Considering the principal diagnoses for HTX, significantly more patients with nonischemic CMP were observed in the long-term use of amiodarone group (48 of 74 [64.9%] vs 236 of 456 [51.7%], P=0.0359), whereas significantly more patients with valvular heart disease (29 of 456 [6.4%] vs 0 of 74 [0.0%], P=0.0257) and cardiac amyloidosis (36 of 456 [7.9%] vs 0 of 74 [0.0%], P=0.0123) were observed in the opposite group. No statistically significant difference was observed for ischemic CMP as the principal diagnosis for HTX (26 of 74 [35.1%] vs 155 of 456 [34.0%], P=0.8474). Furthermore, there was no statistically significant difference between the two groups with regard to the transplant sex mismatch (37 of 74 [50.0% of subgroup] vs 192 of 456 [42.1% of subgroup], P=0.2035).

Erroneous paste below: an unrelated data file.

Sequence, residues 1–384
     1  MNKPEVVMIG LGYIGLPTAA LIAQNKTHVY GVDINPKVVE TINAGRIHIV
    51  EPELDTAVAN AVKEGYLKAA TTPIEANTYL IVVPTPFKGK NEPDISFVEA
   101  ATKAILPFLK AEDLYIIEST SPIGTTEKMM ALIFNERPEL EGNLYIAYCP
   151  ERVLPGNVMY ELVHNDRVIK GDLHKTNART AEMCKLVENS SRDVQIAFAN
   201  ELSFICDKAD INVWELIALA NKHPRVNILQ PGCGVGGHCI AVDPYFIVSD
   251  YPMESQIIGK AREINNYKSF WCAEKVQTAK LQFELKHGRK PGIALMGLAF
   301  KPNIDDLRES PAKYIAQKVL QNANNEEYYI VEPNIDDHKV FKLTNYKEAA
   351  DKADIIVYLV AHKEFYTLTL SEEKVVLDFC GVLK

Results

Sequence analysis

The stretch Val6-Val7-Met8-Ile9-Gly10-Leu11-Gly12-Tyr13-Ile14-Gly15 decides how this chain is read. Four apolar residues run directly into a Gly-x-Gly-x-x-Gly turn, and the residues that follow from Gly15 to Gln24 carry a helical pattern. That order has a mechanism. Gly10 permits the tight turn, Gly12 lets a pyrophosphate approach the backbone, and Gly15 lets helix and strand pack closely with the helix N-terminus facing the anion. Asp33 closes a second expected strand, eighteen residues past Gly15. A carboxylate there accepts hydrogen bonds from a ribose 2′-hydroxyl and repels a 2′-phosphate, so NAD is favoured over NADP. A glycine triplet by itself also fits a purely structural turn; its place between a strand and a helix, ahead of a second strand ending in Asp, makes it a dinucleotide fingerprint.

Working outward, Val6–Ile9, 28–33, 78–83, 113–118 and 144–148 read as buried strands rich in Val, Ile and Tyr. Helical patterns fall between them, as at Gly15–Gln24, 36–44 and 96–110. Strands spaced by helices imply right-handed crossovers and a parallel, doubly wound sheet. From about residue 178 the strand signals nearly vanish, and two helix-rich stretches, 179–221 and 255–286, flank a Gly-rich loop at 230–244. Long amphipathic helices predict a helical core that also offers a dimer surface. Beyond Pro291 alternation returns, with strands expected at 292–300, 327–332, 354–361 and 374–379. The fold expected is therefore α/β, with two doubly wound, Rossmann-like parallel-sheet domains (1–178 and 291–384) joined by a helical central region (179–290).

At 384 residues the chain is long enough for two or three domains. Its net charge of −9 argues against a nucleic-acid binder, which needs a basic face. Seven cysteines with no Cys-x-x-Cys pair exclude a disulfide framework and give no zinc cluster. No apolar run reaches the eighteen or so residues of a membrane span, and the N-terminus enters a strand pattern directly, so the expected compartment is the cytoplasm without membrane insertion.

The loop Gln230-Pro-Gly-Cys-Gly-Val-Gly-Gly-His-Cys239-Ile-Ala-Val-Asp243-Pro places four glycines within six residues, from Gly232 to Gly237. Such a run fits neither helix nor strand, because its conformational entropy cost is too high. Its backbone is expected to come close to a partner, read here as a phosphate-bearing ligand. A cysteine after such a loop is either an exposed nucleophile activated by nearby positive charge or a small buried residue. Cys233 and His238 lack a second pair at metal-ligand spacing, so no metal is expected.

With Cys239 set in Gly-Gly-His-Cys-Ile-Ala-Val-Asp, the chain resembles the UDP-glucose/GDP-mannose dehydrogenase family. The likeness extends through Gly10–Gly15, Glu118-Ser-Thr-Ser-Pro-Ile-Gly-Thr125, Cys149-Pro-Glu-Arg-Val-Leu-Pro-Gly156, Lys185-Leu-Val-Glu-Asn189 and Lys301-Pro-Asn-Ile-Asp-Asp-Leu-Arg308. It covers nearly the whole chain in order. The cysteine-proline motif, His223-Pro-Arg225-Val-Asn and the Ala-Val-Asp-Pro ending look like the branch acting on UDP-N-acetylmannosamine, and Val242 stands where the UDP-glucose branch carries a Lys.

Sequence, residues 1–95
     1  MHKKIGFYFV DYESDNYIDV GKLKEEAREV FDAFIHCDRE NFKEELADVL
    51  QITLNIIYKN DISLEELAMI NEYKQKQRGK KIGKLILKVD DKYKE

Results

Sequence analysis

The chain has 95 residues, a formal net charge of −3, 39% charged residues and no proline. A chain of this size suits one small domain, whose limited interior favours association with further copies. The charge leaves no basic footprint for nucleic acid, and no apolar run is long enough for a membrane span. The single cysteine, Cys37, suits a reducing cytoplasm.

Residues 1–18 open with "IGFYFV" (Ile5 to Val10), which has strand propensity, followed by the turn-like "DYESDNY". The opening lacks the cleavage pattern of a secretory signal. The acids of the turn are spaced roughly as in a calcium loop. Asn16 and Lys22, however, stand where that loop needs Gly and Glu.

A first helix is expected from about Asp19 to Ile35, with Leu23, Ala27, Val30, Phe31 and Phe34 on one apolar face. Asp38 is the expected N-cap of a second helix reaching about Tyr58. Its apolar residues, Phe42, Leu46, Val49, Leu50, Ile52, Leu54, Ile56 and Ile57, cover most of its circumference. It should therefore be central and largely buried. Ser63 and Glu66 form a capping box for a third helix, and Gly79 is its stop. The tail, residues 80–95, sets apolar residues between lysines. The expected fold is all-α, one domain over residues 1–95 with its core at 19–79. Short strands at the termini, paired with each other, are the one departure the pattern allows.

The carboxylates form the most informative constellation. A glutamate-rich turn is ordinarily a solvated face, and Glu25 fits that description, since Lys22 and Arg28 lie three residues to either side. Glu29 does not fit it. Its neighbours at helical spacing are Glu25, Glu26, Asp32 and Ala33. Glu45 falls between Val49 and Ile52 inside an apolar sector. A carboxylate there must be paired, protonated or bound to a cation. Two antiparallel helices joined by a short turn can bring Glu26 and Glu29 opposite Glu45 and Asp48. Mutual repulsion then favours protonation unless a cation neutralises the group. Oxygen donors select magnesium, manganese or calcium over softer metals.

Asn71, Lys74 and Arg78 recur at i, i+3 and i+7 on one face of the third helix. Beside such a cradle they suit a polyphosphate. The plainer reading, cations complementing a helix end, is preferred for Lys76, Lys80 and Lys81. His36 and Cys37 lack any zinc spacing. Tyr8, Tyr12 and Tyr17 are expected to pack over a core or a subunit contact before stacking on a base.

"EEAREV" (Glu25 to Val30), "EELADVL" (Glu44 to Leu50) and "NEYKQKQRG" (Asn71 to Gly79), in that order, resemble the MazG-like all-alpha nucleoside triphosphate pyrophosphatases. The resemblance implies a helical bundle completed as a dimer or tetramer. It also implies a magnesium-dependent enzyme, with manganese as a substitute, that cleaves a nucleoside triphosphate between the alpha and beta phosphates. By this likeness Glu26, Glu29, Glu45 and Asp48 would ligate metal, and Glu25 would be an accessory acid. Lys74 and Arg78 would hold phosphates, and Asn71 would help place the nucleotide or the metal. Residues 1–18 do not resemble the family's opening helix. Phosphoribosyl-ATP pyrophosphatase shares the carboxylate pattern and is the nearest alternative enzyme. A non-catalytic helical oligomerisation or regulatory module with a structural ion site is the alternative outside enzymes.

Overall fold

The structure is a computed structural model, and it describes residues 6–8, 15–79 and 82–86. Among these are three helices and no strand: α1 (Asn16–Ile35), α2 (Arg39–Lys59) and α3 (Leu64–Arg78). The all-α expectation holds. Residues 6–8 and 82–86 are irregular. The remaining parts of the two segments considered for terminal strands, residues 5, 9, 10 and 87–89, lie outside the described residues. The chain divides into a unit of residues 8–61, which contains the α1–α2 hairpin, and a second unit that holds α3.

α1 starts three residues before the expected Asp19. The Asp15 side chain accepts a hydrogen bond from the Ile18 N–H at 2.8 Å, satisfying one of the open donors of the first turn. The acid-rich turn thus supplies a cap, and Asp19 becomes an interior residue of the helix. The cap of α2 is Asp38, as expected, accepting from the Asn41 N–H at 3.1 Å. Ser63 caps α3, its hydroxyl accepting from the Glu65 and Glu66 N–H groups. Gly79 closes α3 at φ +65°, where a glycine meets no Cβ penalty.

Perioperative data including anastomosis type, with further subgroups of biatrial HTX (P=0.6786), bicaval HTX (P=0.1242), and total orthotopic HTX (P=0.3751), as well as ischemic time (P=0.5763) showed no statistically significant difference between the groups. Patient characteristics are presented in Table 1.

Table 1 Patient characteristics
Note: *Statistically significant (P<0.05).
Abbreviations: HTX, heart transplantation; BMI, body mass index; CAD, coronary artery disease; CMP, cardiomyopathy; m, male; f, female; min, minutes; n, number; SD, standard deviation.

Duration, daily dose, and indications for long-term use of amiodarone

The mean duration of long-term therapy of amiodarone before HTX was 32.3±26.3 months, ranging from 12 to 168 months. The mean daily amiodarone dose was 223.0±75.0 mg, ranging from 100 to 400 mg per day. Indications for long-term therapy with amiodarone were AF in ten patients (13.5% of subgroup), Wolff–Parkinson–White syndrome in one patient (1.4% of subgroup), ventricular tachycardia in 57 patients (77.0% of subgroup), and ventricular fibrillation in six patients (8.1% of subgroup). Indications for pre-transplant use of amiodarone are displayed in Figure 1.

Figure 1 Indications for pre-transplant use of amiodarone.